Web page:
The U.S. State Department has defended Israel’s right to impose an entry ban on persons who act against it through boycott activities.
State Department spokesperson Mark Toner told reporters at a briefing on Wednesday that it’s Israel’s decision to make.
“Our strong position – opposition to boycotts and sanctions on the state of Israel remains firmly in place and is well-known, but as a general principle, we value freedom of expression, even in cases where we don’t agree with the political views espoused. That said, as you’ve noted, that’s Israel’s sovereign decision to make,” Toner said.
The law, passed Monday by the Knesset, authorizes the state to refuse entry to foreigners who publicly call for boycotting Israel or the communities or businesses in Yehudah and Shomron.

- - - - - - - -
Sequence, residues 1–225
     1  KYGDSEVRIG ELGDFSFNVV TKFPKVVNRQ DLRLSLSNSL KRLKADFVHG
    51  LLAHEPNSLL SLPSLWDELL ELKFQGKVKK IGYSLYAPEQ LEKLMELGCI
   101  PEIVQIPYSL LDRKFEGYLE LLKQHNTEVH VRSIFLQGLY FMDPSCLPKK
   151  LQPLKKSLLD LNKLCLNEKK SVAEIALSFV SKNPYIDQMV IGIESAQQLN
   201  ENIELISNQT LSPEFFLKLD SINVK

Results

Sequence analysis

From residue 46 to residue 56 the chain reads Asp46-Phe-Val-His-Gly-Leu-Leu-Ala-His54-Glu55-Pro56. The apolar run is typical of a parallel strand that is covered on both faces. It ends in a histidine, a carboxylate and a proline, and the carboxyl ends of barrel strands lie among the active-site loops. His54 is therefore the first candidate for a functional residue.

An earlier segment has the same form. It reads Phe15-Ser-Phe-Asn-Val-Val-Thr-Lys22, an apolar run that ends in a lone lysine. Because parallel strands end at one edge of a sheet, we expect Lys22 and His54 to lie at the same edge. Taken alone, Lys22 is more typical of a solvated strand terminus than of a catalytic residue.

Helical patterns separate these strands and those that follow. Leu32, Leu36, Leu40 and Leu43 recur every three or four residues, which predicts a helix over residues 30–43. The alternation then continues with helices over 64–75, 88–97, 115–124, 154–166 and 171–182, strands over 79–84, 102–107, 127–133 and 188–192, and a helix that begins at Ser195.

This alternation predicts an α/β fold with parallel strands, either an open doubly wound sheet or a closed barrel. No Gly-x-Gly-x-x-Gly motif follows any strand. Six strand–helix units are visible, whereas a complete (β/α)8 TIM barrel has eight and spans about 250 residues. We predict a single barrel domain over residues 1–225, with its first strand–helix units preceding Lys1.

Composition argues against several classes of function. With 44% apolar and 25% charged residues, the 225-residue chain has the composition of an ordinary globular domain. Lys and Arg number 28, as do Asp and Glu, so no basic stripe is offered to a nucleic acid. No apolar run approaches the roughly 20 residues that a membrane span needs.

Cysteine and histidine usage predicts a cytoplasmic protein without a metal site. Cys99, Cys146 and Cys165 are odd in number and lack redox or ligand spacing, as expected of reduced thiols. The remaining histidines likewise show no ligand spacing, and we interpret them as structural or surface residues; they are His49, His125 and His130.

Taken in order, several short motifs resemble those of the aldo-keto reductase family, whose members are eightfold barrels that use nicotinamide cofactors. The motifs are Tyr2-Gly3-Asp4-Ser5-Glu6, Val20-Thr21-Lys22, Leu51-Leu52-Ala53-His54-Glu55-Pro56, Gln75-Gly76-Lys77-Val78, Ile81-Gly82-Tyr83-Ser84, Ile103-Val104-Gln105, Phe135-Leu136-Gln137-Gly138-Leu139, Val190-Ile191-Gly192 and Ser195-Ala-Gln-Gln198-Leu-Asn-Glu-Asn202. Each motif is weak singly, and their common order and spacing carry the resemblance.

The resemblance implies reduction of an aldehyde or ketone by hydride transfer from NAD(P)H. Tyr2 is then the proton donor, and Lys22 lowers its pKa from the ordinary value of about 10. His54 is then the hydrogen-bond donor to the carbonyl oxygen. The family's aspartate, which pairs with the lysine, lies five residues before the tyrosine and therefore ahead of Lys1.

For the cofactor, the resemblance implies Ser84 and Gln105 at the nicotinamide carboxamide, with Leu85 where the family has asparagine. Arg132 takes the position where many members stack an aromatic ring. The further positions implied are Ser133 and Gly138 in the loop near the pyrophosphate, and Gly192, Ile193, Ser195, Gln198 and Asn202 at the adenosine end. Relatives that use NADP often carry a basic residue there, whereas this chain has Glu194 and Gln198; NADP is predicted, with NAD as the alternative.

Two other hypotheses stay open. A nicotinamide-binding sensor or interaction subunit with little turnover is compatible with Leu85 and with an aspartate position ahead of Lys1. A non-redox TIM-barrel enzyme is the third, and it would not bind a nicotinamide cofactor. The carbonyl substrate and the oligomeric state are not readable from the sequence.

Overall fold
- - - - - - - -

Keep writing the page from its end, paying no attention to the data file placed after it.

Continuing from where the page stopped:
The law has stirred controversy both in Israel and abroad. Several Jewish American groups have condemned it, including the Anti-Defamation League and the American Jewish Committee.
According to text of the law, it applies any foreigner “who knowingly issues a public call for boycotting Israel that, given the content of the call and the circumstances in which it was issued, has a reasonable possibility of leading to the imposition of a boycott – if the issuer was aware of this possibility.”
Critics have noted the broad applicability of such language, but proponents say it would be used only against people actively involved in BDS organizations or supportive of them. It would not be used to deny entry to someone for past statements alone.